We get a call at least once a week asking about “UL error” and why it isn’t in the manual. There are only 2 problems with those questions:
1) It isn’t an error, and
2) It’s in the manual (under Operational Status).
What does UL mean?
UL is about the same as Microsoft’s last warning “Format Hard Drive C: Yes/No”. It’s a chance to back up and decide if this is REALLY what you wanted to do. It’s the drive saying “I think my humans did something foolish, and I want them to tell me that that they are sure that’s what they want me to do”.
The cause of UL is simple. The drive powered down with one type of motor attached, and it powered up with a different type. When the drive powers up, after it passes the power up self-test, it goes out and asks the motor just what kind of motor it is.
If it gets an invalid answer (either from cable failure or from feedback failure on the motor) it throws a C204 “Motor Type Incorrect” error. If it gets a valid answer, it then compares that answer to the one in its memory, and will halt on UL if the two don’t match.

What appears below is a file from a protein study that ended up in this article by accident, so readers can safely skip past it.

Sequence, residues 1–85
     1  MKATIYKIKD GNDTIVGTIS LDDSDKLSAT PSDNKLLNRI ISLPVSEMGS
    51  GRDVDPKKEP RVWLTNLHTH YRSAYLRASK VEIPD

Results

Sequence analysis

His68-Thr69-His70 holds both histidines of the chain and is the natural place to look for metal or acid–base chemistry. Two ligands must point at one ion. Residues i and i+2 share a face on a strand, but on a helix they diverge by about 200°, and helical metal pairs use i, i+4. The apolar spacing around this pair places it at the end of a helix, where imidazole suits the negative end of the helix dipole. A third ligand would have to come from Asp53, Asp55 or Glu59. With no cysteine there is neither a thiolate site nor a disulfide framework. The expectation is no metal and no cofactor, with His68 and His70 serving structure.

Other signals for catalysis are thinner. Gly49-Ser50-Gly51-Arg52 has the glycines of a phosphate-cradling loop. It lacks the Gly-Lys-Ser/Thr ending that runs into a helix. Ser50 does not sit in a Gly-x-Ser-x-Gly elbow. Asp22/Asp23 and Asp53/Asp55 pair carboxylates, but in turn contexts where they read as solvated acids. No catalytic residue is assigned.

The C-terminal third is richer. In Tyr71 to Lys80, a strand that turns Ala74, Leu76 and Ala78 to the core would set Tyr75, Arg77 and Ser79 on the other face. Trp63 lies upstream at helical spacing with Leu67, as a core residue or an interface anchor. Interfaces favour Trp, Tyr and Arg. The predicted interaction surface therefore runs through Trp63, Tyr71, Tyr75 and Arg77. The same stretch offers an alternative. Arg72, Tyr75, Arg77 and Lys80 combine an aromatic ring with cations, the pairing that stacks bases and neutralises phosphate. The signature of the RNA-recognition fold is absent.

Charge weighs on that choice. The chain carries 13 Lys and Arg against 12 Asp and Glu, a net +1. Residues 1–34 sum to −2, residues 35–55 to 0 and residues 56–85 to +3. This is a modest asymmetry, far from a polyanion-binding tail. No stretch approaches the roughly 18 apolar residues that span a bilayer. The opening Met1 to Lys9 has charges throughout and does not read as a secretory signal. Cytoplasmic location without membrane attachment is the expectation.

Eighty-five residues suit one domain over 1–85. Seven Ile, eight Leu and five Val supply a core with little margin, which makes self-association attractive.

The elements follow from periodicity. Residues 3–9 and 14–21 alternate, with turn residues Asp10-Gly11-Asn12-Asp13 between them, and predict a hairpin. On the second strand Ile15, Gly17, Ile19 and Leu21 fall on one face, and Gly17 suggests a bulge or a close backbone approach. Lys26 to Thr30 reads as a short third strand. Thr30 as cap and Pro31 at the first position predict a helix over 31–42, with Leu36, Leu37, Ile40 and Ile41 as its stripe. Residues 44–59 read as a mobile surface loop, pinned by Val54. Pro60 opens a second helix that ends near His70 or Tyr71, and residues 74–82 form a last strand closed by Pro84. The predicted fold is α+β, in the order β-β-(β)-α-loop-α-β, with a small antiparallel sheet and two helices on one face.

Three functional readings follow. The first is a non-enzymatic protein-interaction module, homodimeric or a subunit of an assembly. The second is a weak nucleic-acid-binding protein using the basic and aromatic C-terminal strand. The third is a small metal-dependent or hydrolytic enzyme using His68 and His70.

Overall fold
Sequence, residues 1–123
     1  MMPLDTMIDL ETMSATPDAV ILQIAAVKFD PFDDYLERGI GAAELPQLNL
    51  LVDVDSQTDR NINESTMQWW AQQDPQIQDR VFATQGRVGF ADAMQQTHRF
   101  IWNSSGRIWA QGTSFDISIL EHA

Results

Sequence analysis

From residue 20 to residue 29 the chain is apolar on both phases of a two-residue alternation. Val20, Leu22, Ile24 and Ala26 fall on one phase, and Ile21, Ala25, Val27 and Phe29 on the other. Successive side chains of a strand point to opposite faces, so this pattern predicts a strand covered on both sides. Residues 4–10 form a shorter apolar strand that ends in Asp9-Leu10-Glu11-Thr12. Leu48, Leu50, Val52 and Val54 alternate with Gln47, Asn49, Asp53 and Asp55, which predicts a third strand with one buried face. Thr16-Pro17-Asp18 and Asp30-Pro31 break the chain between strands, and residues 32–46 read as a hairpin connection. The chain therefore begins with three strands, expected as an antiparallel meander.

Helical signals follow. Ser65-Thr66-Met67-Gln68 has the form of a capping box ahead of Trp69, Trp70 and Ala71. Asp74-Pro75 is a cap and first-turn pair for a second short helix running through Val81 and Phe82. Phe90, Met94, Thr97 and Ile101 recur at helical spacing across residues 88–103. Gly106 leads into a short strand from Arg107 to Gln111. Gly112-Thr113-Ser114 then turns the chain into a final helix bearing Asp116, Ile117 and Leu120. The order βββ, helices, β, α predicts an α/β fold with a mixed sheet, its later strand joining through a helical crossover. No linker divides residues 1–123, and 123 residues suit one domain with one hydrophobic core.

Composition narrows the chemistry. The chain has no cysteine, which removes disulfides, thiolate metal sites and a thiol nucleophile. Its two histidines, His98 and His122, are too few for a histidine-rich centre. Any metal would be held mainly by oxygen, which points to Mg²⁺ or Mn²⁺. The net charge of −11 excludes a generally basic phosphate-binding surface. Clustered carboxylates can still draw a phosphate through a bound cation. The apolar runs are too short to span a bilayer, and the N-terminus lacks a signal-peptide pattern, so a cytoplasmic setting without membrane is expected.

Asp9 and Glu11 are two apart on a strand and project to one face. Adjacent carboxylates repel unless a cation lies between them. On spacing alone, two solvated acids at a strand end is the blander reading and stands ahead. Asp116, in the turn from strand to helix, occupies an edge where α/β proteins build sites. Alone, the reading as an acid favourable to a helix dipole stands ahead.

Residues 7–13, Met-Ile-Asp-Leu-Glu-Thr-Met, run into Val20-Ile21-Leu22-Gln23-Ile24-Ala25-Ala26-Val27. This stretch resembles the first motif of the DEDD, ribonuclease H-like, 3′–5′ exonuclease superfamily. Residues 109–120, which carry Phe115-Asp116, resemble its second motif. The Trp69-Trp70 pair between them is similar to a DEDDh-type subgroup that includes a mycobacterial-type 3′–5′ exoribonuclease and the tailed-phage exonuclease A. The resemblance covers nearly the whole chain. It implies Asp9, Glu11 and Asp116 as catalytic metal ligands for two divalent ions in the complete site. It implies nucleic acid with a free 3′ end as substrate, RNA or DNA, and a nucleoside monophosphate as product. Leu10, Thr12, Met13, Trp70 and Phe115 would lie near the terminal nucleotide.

Your machinery taking care of you
This happens for two reasons. First, the drive wants to tell you that if you have replaced the motor, you need to check it, because it’s not the same type as the one you removed. This is a good final check on the guy who replaced the motor; he may have grabbed the wrong one.
It’s also a good check on the motor being from a third party repair house. We have seen MKD041’s that swore to the drive they were MKD112’s.
Second, the drive wants your permission to overwrite the previous motor parameters with the parameters stored in the current motor’s memory. If you have done everything else right, you then merely push the S1 button to tell the drive “Yes, a real human says to do this” and the drive writes the new parameters into the memory and is ready to proceed.
Unless, of course, you have absolute feedback, in which case now you need to re-reference the motor to the machine. Choose Wisely…